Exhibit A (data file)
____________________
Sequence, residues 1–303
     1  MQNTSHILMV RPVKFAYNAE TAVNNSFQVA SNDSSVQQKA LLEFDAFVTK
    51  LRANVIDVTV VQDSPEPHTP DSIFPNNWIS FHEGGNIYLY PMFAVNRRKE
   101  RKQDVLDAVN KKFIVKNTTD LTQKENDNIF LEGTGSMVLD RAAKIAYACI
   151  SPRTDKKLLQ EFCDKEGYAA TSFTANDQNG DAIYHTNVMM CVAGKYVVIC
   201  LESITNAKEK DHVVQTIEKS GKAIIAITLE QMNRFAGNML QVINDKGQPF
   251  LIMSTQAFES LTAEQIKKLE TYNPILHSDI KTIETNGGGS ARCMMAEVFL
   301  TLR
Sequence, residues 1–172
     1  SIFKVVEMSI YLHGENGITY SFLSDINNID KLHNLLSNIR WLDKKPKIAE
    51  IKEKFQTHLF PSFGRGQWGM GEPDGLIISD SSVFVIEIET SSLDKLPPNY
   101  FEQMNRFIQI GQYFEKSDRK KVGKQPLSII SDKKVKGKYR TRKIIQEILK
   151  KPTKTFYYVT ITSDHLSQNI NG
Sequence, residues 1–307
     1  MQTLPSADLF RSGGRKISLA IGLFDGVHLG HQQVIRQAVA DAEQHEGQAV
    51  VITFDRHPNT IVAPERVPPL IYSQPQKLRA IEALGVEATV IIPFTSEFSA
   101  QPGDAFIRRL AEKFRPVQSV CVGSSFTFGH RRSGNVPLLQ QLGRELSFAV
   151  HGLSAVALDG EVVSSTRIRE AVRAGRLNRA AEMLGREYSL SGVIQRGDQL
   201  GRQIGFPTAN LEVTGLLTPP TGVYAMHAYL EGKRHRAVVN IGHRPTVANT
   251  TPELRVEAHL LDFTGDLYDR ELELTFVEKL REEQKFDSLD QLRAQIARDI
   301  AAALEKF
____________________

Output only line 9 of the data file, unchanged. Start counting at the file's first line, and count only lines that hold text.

Sequence, residues 1–172